Asylum and human rights challenged by EU directives

Mr. Bivolaru is a Romanian refugee with asylum in Sweden. He has been persecuted since the Ceausescu regime. In June 2013, Romanian authorities issued a European Warrant of Arrest for him to be handed over for 6 years imprisonment. Swedish authorities are obliged simultaneously to protect the refugee and to take no part in the persecutions from which they protect him.

This reveals an alarming unsolved conflict between asylum rights and EU directives.

Are Human Rights sacrificed in EU to cover faulty practice?

Political asylum may be granted because of persecution or a well-founded fear of persecution on account of race, religion, nationality, membership in a particular social group or political opinion.

Asylum is a fundamental right and granting it is an international obligation recognized in the 1951 Geneva Convention on the protection of refugees.

In the EU, an area of open borders and freedom of movement, countries share the same fundamental values and member states guarantee high standards of protection for refugees. But there can be no such thing as political asylum between EU member states.

Refugees from former totalitarian regimes should no longer fear persecution in their home countries.

However, on the 19th of June 2013 Romania asked Sweden to hand over a refugee to be imprisoned for 6 years. He has been persecuted since the Ceausescu regime and is protected by asylum in accordance with the Geneva Convention. EU directives leave no room to question the new EU member state’s warrant of arrest, so who will now protect the refugee from continued persecution?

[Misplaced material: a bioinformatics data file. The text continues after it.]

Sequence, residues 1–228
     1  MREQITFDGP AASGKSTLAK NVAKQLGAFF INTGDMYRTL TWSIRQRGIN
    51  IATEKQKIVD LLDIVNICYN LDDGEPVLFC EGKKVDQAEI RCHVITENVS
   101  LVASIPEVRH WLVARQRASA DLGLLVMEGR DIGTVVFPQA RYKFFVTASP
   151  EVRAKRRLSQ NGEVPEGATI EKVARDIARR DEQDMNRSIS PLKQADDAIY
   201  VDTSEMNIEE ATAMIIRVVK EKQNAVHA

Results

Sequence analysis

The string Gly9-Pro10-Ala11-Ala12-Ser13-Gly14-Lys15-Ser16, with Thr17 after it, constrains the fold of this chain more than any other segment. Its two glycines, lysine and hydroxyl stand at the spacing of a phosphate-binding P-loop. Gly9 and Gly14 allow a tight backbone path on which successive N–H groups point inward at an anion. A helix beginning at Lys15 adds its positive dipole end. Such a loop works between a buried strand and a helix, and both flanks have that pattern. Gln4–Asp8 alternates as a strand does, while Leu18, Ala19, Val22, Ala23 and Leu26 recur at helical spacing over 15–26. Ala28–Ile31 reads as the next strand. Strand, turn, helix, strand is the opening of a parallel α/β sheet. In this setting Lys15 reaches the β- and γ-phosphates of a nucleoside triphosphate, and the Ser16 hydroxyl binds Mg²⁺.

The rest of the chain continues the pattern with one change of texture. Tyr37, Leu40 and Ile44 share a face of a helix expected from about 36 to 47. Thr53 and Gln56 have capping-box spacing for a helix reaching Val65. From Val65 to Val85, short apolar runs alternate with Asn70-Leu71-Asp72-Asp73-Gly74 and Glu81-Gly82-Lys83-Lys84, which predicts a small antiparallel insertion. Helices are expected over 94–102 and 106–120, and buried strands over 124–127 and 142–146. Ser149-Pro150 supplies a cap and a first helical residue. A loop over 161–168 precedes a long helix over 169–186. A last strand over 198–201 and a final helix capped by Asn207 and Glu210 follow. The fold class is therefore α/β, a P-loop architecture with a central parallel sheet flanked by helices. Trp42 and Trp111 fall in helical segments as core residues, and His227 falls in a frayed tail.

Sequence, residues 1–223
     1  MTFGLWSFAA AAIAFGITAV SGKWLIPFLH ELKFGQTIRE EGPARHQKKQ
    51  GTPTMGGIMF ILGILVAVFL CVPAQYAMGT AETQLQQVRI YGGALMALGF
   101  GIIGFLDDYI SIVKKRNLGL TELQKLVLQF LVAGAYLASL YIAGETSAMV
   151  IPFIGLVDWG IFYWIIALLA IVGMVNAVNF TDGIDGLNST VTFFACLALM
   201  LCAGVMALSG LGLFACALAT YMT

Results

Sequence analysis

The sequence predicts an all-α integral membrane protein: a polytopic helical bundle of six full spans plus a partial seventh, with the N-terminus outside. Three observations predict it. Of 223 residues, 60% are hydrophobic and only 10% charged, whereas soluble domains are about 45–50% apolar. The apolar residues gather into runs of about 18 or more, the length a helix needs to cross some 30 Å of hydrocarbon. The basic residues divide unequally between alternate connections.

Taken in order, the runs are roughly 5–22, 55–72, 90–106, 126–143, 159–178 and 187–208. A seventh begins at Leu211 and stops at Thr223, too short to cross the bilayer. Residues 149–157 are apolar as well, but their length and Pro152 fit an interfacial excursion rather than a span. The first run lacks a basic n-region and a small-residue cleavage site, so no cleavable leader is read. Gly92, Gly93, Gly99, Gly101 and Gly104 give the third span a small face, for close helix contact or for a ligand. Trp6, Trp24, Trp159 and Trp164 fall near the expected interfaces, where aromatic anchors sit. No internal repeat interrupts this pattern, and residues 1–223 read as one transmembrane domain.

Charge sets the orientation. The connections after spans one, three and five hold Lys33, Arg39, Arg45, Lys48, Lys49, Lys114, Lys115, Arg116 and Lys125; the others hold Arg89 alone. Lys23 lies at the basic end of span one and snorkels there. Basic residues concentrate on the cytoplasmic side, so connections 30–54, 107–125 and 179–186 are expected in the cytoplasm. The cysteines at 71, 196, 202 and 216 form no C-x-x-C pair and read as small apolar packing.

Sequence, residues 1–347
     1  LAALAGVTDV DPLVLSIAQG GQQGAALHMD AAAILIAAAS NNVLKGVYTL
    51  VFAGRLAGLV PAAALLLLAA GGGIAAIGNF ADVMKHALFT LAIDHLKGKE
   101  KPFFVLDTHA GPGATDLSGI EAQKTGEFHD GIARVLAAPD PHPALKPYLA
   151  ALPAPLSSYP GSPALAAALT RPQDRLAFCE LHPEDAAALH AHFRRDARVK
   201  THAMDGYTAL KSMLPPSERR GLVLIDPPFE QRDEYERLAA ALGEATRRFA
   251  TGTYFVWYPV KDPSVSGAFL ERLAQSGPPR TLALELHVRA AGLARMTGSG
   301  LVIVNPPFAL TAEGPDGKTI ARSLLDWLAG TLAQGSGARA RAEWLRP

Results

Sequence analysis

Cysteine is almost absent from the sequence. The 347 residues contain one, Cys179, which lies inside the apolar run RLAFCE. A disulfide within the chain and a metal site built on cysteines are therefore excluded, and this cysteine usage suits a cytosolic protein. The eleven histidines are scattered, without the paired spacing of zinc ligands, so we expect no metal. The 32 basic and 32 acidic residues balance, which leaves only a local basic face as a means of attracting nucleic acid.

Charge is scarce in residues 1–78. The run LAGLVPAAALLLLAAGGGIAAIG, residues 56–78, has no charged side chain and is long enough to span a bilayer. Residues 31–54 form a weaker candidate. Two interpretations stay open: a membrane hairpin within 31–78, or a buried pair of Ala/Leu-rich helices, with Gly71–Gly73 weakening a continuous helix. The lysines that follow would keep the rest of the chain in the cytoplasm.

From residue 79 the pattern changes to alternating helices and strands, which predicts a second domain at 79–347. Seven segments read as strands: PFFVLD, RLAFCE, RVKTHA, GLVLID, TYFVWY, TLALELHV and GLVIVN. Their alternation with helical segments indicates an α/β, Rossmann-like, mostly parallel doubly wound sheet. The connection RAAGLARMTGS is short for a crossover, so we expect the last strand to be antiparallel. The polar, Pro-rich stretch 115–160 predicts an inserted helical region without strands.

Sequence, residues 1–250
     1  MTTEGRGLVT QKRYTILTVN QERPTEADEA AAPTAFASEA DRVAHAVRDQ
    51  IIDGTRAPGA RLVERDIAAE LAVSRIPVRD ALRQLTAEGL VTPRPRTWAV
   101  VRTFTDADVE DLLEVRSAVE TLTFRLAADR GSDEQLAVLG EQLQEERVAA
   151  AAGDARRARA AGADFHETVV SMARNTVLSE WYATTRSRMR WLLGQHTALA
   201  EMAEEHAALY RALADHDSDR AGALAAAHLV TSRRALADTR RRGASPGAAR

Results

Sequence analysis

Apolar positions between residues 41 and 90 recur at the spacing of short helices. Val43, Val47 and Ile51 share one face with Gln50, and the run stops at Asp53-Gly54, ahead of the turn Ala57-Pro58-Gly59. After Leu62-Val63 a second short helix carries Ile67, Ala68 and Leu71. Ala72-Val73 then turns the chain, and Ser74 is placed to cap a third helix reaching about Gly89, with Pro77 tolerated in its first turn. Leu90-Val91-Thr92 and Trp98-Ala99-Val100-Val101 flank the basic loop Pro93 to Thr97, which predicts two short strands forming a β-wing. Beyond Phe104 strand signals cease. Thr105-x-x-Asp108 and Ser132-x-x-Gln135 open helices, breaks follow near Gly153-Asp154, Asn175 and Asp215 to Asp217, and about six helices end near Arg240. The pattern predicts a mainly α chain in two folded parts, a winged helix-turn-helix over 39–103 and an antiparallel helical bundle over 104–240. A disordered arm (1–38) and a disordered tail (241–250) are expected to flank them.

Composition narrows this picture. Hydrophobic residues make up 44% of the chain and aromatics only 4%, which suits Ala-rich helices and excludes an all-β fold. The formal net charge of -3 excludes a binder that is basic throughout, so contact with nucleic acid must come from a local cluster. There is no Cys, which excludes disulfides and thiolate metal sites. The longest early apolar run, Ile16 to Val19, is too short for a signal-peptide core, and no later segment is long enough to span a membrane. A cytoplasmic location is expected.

The Bivolaru case is ongoing and highlights an alarming conflict between human right obligations and EU directives. The problem is evidently that Romania de facto does not meet the Copenhagen Criteria. The European Commission’s CVM reports continue to point out lack of judiciary reforms to secure the rule of law in Romania. But to state openly that one member state needs to protect the citizens of another member state would be impossible for the EU project.

Sweden was pushing for Romania to be included in EU 2007. The same year Sweden granted the Romanian refugee Mr. Bivolaru asylum from Romanian persecutions. Today Sweden and the EU face a dilemma; will human rights of the individual be sacrificed to cover faulty practices of a member state? Who is responsible?

We invite you to a thought provoking discussion that is new to the legislative history of the European Union.